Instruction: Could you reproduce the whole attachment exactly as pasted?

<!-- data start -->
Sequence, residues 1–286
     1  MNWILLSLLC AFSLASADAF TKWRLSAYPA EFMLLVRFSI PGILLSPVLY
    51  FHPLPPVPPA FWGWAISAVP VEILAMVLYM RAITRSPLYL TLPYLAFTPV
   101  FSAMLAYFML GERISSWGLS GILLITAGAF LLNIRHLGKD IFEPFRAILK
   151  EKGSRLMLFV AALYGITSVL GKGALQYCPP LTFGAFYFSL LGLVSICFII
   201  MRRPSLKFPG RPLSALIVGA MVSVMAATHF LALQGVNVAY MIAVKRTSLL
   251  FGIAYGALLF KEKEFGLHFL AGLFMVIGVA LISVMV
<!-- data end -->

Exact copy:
Sequence, residues 1–286
     1  MNWILLSLLC AFSLASADAF TKWRLSAYPA EFMLLVRFSI PGILLSPVLY
    51  FHPLPPVPPA FWGWAISAVP VEILAMVLYM RAITRSPLYL TLPYLAFTPV
   101  FSAMLAYFML GERISSWGLS GILLITAGAF LLNIRHLGKD IFEPFRAILK
   151  EKGSRLMLFV AALYGITSVL GKGALQYCPP LTFGAFYFSL LGLVSICFII
   201  MRRPSLKFPG RPLSALIVGA MVSVMAATHF LALQGVNVAY MIAVKRTSLL
   251  FGIAYGALLF KEKEFGLHFL AGLFMVIGVA LISVMV